Ah the sweet taste of exclusion. I had almost allowed myself to forget. That’s a dangerous tendency often born of complacency in the wake of a successful transition.
This weekend marks the first time I have been officially excluded from a family gathering. Family from all over the country traveled to my town to celebrate a wedding. They all received invitations. I received a personal note telling me, in gracious terms, why I was not invited.
I have declined to attend some recent family events, mostly because I was worried about stealing focus from the events’ intended honorees (with a family spread across the country, my coming out was a remote activity, so my re-appearance was bound to cause a stir of some kind). But in those cases at least I was invited, and my schedule as much as my intent would have prevented me from attending regardless. This is the first time a formal barrier was erected explicitly to keep me out.
It’s a jarring disconnect from my everyday life. I’m not accustomed to living as a second-class citizen. My friends don’t treat me like one. Nor do my neighbors. Nor the parents of our kids’ friends. Nor their school. Nor my co-workers. None of these people seem ashamed to be associated with me.
And that gets at the heart of what hurts in this case. In places where I’ve been given a chance, I thrive. People go out of their way to let me know how much they value me. Some of them know my history. Some of them don’t. Once the awkwardness of transition subsided, it really hasn’t mattered.
But in my family it’s another story. In that case people still go out of their way to let me know, in various ways, that they’re ashamed of me. The fact that I have changed from a suicidally depressed wreck, into a happy and successful person is ignored. The fact that the former was a straight man, and the latter a queer woman seems too much of an impediment to overcome.
I realize now I’ve been living in a bit of a bubble. I don’t get mis-gendered in public any longer. I no longer worry about going to places I would have previously avoided out of shame or fear. I live in an area of the country which is abnormally LGBT-friendly. As a result, I’m unaccustomed to being singled out as “different” let alone unwelcome.
Things have changed for me over the past year. I’m no longer living the life of a shame-filled trans person newly hatched from my closet. Now I’m living my life as Diana. Period. The fact that I’m married to another woman is a problem I’ll let the bigots to seethe over. I simply enjoy the love of my spouse and our children. I enjoy my friends, my work, and am finally rekindling old hobbies that fulfill me creatively. I’ve got a pretty good life going… finally! And knowing how close I came to ending it all… well it colors the whole world brighter, and makes me appreciate life all the more.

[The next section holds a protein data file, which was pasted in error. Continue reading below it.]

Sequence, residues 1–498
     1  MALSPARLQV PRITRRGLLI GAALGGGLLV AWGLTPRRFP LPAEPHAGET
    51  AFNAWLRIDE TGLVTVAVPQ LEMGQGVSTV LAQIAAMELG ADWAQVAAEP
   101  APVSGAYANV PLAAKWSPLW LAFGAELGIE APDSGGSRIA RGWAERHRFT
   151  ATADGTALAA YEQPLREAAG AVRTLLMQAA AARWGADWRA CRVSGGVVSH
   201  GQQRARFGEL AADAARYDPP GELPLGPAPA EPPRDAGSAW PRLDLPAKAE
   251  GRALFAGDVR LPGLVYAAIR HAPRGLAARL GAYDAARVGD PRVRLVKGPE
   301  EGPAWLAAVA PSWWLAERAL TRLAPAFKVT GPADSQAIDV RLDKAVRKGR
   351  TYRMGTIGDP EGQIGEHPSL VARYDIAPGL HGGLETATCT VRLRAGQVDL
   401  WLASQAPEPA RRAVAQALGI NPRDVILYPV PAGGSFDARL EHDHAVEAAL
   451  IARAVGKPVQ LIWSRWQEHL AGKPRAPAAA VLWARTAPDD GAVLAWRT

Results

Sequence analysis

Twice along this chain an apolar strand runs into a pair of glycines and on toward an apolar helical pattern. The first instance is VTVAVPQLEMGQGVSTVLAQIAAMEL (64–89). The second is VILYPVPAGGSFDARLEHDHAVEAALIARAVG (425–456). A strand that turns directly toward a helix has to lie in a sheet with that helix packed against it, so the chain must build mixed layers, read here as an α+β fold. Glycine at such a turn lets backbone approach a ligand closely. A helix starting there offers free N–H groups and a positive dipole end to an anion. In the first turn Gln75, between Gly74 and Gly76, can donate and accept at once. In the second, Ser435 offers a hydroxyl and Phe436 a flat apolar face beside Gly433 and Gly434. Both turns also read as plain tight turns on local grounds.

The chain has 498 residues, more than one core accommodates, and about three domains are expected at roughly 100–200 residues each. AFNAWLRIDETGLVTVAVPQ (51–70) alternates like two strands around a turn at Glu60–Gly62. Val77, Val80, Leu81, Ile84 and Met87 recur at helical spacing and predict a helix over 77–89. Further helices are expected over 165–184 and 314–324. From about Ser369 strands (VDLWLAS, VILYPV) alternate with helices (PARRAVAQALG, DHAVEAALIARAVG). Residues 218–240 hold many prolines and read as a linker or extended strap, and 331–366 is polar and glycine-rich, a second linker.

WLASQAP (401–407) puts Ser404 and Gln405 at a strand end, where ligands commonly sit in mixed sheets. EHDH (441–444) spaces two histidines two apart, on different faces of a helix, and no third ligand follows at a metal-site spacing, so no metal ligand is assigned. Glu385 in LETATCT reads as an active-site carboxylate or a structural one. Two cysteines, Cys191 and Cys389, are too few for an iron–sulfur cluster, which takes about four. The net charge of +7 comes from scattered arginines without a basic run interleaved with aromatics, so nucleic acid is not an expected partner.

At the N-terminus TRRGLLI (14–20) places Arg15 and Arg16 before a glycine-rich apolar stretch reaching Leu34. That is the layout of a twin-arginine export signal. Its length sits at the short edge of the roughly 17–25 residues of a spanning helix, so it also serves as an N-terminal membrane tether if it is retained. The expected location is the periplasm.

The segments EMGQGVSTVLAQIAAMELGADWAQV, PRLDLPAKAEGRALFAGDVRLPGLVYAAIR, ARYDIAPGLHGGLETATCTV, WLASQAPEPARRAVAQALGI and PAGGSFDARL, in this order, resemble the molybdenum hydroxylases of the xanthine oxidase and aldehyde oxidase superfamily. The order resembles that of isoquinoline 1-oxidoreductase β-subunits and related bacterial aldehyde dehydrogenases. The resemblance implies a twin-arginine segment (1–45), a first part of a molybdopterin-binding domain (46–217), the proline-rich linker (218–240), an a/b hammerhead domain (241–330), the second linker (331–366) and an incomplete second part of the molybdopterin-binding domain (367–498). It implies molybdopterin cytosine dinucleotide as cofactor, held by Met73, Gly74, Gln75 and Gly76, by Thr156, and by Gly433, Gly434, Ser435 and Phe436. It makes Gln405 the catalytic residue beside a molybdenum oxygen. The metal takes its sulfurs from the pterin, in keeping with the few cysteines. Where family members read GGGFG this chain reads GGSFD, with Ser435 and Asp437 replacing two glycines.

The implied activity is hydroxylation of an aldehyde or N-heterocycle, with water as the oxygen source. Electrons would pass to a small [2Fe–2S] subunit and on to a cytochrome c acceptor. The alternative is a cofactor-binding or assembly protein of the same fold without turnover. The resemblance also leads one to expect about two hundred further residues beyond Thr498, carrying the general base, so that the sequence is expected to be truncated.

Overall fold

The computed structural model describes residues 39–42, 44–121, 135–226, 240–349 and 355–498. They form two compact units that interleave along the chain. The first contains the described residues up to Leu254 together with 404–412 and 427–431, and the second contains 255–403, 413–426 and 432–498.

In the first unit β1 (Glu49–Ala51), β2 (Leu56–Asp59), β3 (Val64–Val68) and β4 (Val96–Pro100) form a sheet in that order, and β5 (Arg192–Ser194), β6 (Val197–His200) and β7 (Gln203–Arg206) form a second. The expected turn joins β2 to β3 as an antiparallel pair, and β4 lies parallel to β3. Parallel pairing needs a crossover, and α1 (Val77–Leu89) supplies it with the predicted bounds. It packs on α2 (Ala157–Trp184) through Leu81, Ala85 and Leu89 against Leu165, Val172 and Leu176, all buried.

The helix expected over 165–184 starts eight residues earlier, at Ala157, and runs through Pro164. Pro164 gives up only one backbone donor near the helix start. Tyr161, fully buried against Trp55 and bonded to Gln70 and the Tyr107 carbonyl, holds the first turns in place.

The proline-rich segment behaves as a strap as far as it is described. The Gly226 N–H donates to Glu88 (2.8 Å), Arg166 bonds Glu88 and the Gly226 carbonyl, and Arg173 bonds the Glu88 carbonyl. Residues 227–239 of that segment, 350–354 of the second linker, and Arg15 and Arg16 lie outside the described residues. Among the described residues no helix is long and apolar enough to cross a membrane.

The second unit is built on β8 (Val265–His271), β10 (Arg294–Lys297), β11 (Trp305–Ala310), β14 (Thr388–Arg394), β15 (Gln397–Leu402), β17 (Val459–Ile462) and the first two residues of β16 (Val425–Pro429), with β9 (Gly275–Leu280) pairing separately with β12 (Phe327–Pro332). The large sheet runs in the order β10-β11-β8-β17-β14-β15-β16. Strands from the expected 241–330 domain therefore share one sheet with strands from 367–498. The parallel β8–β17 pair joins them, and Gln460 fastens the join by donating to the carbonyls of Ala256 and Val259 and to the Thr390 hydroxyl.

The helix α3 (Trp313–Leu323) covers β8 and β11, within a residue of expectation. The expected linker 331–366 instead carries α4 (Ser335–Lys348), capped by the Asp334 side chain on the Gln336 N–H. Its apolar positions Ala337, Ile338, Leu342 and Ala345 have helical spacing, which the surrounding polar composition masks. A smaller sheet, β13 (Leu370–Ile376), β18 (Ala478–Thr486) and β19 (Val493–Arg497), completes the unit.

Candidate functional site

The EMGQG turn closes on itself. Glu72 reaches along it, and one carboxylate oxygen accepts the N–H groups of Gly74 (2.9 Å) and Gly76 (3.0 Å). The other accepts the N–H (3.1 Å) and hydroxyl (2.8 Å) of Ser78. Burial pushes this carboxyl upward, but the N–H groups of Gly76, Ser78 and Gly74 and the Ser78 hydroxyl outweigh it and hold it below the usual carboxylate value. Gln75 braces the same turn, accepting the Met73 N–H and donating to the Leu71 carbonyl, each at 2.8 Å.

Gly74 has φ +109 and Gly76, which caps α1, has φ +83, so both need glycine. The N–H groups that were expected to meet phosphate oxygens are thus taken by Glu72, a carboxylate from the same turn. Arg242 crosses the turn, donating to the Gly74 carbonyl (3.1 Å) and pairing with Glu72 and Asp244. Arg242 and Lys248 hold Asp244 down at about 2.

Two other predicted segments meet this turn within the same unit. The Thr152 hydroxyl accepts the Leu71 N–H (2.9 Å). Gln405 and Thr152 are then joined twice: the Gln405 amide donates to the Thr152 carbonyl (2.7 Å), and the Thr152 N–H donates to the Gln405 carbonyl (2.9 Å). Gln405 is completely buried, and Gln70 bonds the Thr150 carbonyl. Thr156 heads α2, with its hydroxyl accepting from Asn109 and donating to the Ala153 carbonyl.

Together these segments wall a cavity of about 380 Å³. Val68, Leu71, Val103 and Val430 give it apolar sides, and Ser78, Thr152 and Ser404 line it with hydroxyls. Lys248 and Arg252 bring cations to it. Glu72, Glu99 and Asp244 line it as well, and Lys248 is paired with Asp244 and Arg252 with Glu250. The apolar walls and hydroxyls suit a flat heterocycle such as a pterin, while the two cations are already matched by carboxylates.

I’m not sure my life has room for family members who seem, intentionally or not, to view me as the miserable, wretched creature I felt myself to be while in the closet. That’s not me. And I don’t play along with that role any more.
What’s more, I’m not willing to associate with anyone, no matter how closely we might be related, if they expect me to assume a second-class role. I’m not ashamed of who I am. In fact, now that I truly know who I am, I have come to believe I’m a pretty cool person.
Unlike most others, I had to walk through hell just to become myself. I threw open the doors to my darkest fears and most shameful secrets… and then I broadcast them to the whole world. I offered my heart on a platter to anyone who wanted to take a stab – and believe me, I felt every dagger. Then I rebuilt myself from the bloody remains, showing the world who I had been inside all along, with no promise that anyone other than myself would accept the person I finally became. The experience nearly killed me. But I finally made it through.
My family may not understand that journey. They’re sure as hell not proud of me for it. But that really doesn’t matter. I’ve got a dignity they can’t touch. I’ve got love in my life their blood can’t match.
Sometimes, unbeknownst those who would exclude, they’re not really keeping others out. They’re keeping themselves in. Which side of the line sounds like freedom?